CS sits down with Little Sister director Zach Clark
Our favorite film out of last year’s Fantasia Fest (and one of our favorite films of 2016, period) was director Zach Clark’s goth nun family dramedy Little Sister (Read our review here!). Despite earning rave reviews (95% on Rotten Tomatoes), the film flew under the radar of most moviegoers, but now that Kino Lorber has put out an incredible, extras-packed Blu-ray and the film has also become available on Netflix, it seemed like the perfect time to post our exclusive 1-on-1 with the Little Sister director. Clark previously made a mark with films like White Reindeer and Modern Love Is Automatic. We talk about some of the things he had to do to pull together a small, quirky movie like this, and it’s a must-read for all indie film lovers (and makers) out there!
It’s October, 2008. Young nun Colleen (Addison Timlin) is avoiding all contact from her family, until an email from her mother announces, “Your brother is home.” On returning to her childhood home in Asheville, NC, she finds her old room exactly how she left it: painted black and covered in goth/metal posters. Her parents (Ally Sheedy and Peter Hedges) are happy enough to see her, but unease and awkwardness abounds. Her brother (Keith Poulson) is living as a recluse in the guesthouse since returning home from the Iraq war. During Colleen’s visit, tensions rise and fall with a little help from Halloween, pot cupcakes, and GWAR. Little Sister is a sad comedy about family – a schmaltz-free, pathos-drenched, feel good movie for the little goth girl inside us all.
ComingSoon.net: Were there any specific stylistic things you were trying to achieve?
Zach Clark: Everything in New York is static, and when she gets out the car in North Carolina it goes handheld. It stays handheld until the first time she goes to Emily’s house. Then when she goes back to the house it goes back to handheld… Basically the camera stabilizes as her relationships stabilize. I’m a big believer in having big overreaching artistic…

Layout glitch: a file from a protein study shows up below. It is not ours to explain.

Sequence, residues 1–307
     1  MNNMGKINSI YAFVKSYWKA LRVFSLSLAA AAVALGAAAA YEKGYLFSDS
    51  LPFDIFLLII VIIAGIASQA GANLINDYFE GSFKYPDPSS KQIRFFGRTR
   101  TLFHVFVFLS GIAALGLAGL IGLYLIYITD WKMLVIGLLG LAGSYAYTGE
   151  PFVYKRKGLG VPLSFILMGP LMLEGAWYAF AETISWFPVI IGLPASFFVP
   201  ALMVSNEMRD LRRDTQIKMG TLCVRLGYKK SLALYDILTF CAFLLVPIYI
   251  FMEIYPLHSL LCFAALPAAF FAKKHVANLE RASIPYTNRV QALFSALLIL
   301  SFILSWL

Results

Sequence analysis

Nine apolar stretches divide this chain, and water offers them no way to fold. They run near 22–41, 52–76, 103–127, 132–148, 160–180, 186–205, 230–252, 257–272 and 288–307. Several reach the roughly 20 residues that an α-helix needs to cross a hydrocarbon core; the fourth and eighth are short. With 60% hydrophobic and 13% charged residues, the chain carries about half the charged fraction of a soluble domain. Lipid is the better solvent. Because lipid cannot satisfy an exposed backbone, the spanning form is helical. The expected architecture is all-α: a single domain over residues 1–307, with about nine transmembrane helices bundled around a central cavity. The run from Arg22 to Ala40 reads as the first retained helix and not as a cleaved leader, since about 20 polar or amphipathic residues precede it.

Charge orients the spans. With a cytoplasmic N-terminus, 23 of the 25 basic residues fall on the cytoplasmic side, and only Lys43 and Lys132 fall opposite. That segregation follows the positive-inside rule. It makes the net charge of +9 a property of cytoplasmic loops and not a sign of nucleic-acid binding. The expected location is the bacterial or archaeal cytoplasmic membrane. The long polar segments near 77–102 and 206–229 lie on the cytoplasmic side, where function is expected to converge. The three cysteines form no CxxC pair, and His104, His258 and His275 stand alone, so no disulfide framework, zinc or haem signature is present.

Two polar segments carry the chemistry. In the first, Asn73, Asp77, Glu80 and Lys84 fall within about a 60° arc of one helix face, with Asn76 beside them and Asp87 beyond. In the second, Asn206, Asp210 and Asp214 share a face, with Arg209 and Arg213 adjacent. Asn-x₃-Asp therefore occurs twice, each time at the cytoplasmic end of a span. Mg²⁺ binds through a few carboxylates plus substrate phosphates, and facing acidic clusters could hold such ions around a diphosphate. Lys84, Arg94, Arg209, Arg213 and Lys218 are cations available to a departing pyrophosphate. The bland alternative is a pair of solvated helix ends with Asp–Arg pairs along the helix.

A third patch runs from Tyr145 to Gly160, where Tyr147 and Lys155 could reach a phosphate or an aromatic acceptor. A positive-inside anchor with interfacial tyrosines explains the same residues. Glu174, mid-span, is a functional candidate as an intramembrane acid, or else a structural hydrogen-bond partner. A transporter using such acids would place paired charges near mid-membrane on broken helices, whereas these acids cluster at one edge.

CS: Like a methodology?
Clark: Right, but not across films, per se. That’s not how I shot other movies.
CS: Well this is a story about family instability, so that makes sense.
Clark: Totally. So I’m just thinking of ways the camera can articulate those things. Even the way certain characters are framed throughout the film has a certain ethos to it. There’s only one shot that frames Colleen and her mother together, at the end. It’s the only shot in the movie of just those two characters together, not counting the three-shot of her praying.
CS: Was this film very scripted?
Clark: Yes, in the sense that the film had a script and all the actors said the words from it. I don’t think there’s any improv in the movie. I’ve used improve as a rehearsal tool before, but not on this movie. Ally, is so to the script that she would ask to change words, like “I want to lose this one sentence.” That was fine, that helps me, of course. The filmmakers I grew up admiring all very like, “This is my script, let’s stick to it.”
CS: Like who?
Clark: Like John Waters. No one’s more scripted than he is. The preciseness of that dialogue. Fassbender too. All the writer/directors. Not to discredit the other method, it’s just not how I worked.
CS: Well even without the improv the film feels very naturalistic, it never feels too arch.
Clark: Part of it too is just a vibe you create on set. We had a very small crew. Most of the movie takes place in that one house, and it’s our producer’s parent’s house. There are no rooms in that house that you don’t see in the movie. Melodie, who’s our producer, and Daryl who’s our cinematographer and co-producer, and myself, our associate producer Alston and our costume designer all lived in that house while we were making the movie. It’s also creating an intimate vibe. So many of the people that worked on this movie worked on the three movies we made before this.
CS: So there was a shorthand?
Clark: There was a shorthand, and we feel like a little family and kind of are. Bringing people into that vibe it’s very natural for people to feel comfortable. The cast is also contained and small.
CS: It was less than $1 million, right?
Clark: Yes. Yes. Definitely less than a million. (laughs) For these things it’s almost unfair… there’s so much that we have in the film that we didn’t have to pay for because we’re calling in favors, and there’s people who should and do get paid significantly more to work on other projects than we paid them on this. If we were doing this the way bigger productions are done we could have easily spent a lot more money, but we didn’t. It’s unfair to quantify it on an exact dollar amount, because that doesn’t include all the favors.